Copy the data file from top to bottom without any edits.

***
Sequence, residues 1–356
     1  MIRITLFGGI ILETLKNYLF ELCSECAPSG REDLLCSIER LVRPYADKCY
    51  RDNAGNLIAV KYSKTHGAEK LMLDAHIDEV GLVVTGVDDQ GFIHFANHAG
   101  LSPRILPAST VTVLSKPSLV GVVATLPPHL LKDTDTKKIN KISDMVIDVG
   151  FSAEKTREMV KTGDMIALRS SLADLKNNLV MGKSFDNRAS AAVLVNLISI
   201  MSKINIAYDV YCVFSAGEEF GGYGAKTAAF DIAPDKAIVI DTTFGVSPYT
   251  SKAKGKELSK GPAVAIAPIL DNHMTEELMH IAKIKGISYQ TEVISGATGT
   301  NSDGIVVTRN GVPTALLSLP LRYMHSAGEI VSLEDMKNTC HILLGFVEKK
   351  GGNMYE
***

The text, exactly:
Sequence, residues 1–356
     1  MIRITLFGGI ILETLKNYLF ELCSECAPSG REDLLCSIER LVRPYADKCY
    51  RDNAGNLIAV KYSKTHGAEK LMLDAHIDEV GLVVTGVDDQ GFIHFANHAG
   101  LSPRILPAST VTVLSKPSLV GVVATLPPHL LKDTDTKKIN KISDMVIDVG
   151  FSAEKTREMV KTGDMIALRS SLADLKNNLV MGKSFDNRAS AAVLVNLISI
   201  MSKINIAYDV YCVFSAGEEF GGYGAKTAAF DIAPDKAIVI DTTFGVSPYT
   251  SKAKGKELSK GPAVAIAPIL DNHMTEELMH IAKIKGISYQ TEVISGATGT
   301  NSDGIVVTRN GVPTALLSLP LRYMHSAGEI VSLEDMKNTC HILLGFVEKK
   351  GGNMYE